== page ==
My dentist did a repeat root canal on a bottom left molar. After the root canal, an infection lingered for almost two months. An oral surgeon helped me get rid of the infection and said that my dentist should wait before putting a crown on. The tooth hurts again, so I think the infection returned, but my dentist already had the crown made without my permission.
I prefer an extraction and implant because the tooth is problematic and has interfered with my routine so much. Besides, if the tooth still hurts after a repeat root canal, I think putting a crown on it is a waste of money. Why would my dentist order a crown for a tooth that won’t heal? – Aspen from Illinois
You are correct. Your dentist should not have ordered the crown without your permission and without ensuring that your tooth healed. And you can refuse the crown because the tooth has not recovered.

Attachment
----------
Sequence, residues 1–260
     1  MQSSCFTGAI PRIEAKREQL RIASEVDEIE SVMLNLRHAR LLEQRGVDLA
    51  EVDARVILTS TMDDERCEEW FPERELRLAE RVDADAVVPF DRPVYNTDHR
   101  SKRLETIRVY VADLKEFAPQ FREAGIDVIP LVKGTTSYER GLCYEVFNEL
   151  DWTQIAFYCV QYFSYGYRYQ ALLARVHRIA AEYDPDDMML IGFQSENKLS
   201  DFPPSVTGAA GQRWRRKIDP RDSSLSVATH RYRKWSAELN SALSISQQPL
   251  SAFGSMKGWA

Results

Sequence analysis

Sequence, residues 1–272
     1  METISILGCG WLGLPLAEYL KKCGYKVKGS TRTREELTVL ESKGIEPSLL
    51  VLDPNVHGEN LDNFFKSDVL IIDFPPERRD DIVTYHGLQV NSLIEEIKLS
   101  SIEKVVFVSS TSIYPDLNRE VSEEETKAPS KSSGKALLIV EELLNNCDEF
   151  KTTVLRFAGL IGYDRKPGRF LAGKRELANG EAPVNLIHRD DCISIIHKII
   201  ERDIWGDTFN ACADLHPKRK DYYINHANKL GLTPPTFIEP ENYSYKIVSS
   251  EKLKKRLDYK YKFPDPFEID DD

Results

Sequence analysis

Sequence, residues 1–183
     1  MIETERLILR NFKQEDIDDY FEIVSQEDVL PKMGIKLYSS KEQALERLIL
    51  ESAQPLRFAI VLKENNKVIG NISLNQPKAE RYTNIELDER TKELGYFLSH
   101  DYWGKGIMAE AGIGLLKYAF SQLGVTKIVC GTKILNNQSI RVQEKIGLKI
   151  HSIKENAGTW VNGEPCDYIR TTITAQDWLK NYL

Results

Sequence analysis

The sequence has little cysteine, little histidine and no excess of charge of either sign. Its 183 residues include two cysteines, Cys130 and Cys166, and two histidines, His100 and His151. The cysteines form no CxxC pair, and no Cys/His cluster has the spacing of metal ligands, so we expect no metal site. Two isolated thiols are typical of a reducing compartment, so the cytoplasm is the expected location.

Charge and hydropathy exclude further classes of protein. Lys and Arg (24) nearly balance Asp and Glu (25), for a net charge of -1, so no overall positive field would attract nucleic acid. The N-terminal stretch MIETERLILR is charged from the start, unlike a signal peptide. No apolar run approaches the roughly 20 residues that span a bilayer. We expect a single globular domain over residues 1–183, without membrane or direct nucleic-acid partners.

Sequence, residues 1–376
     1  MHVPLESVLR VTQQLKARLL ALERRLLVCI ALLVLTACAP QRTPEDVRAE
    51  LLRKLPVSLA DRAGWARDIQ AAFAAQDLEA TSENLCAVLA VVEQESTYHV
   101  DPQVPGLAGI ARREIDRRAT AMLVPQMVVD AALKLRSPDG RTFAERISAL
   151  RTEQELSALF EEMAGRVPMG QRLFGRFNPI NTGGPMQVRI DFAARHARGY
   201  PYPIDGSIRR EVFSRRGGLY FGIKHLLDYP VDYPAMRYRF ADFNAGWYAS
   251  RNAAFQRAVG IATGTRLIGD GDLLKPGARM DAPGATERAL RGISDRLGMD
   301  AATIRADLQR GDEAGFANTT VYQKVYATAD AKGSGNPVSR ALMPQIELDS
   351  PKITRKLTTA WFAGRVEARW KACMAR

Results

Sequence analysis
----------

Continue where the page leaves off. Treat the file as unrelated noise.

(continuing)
When Should You Get a Crown on a Root Canal Tooth?
You can feel comfortable getting a crown on a root canal tooth when your dentist is sure that the treatment is successful. Preparing the tooth for a crown will further aggravate the tooth. And covering the tooth with a crown wastes your time and money.
Sometimes, root canal treatment can fail despite a dentist’s best efforts. But your dentist’s judgment was flawed in ordering a crown for a tooth that did not heal. Your dentist took a risk and is responsible for it. We recommend asking for a refund for lab fees or other fees that you paid toward the crown.
Should You Try to Save Your Tooth?
If your tooth is savable, perhaps a root canal specialist (endodontist) can save it. But as the number of root canal treatments increases, the likelihood of saving the tooth decreases. If you prefer an extraction, you can schedule an appointment for a second opinion from a cosmetic and implant dentist.